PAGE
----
Legal innovators hack into hate-crimes with new tool
The winning concept from LexisNexis' recent 'Hack the Change' Hackathon uses Snapchat to help link victims of homophobic and transphobic abuse with legal professionals.
The event, hosted by LexisNexis and The Human Dignity Trust, asked hackers to come up with innovative new ways to help connect individuals in the LGBT+ community with those documenting and fighting online harassment and abuse. ‘We passionately support combating hate crime by progressing the rule of law globally,’ said Amy Carton, LexisNexis’ lead for Hack the Change. ‘Right now, people around the world are routinely attacked, threatened or intimidated simply because of who they are. This results in the oppression of entire communities. 75 countries currently criminalise the lives of LGBT people, representing approximately 40 per cent of the world’s population. This will not be solved overnight – but timely reporting and documenting of these crimes is a vital first step.’ Amazon Web, Freshfields Bruckhaus Deringer, Hogan Lovells and Osborne Clarke were all supporters of the event.
Of the more than 40 coders, designer and developers who participated in Hack the Change, one team stood out. The brainchild of ‘Suitcase Hackers’, the winning design was a documentation and messaging service embedded within photo-sharing application Snapchat that allows witnesses and victims of hate-crimes to confidentially upload photos, screenshot and other media to cloud storage as evidence. All uploads remain confidential and can be accessed and verified by lawyers and others working to tackle hate-crimes, such as NGOs. The tool embeds into Snapchat in the form of a ‘contact’, making it hard to detect if a person’s phone were searched and thus protecting the safety of the user.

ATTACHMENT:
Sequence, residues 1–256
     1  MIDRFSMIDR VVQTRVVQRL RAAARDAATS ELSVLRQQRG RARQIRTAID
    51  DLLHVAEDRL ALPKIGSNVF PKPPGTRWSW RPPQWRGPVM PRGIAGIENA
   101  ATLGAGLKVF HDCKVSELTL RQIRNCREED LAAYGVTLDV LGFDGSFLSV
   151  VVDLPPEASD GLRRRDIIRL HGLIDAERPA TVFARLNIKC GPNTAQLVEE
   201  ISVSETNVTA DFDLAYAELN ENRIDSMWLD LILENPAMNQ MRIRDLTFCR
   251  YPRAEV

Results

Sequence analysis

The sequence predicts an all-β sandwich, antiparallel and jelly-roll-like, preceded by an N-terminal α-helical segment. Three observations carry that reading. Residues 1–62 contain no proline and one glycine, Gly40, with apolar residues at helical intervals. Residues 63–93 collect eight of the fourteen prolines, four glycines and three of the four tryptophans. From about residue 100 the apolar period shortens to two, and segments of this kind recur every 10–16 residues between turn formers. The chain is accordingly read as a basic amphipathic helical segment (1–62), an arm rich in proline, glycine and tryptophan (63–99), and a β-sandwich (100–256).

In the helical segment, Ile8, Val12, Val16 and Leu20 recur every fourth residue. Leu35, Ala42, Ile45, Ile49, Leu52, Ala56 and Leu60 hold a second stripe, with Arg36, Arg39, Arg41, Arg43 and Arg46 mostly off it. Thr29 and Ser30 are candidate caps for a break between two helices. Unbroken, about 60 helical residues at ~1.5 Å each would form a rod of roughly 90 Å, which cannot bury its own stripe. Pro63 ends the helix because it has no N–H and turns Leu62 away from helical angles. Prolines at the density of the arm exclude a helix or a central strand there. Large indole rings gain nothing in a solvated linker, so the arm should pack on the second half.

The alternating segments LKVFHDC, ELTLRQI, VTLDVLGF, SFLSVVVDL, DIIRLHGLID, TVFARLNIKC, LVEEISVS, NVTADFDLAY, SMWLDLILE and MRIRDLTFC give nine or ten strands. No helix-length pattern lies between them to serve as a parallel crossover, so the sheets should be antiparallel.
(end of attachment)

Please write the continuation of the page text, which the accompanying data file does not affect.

Human Dignity Trust legal director Téa Braun commented: ‘Timely documentation of human rights violations is a major factor in fighting such violations, but there is a critical gap to be filled especially from areas that are insecure and inaccessible. There is a need for a tool that allows LGBT people, NGOs and allies to document and tell stories that might not have otherwise been told. We are excited at the prospect of a tool being developed to help fill this gap and to get relevant information to the attention of those who can help.’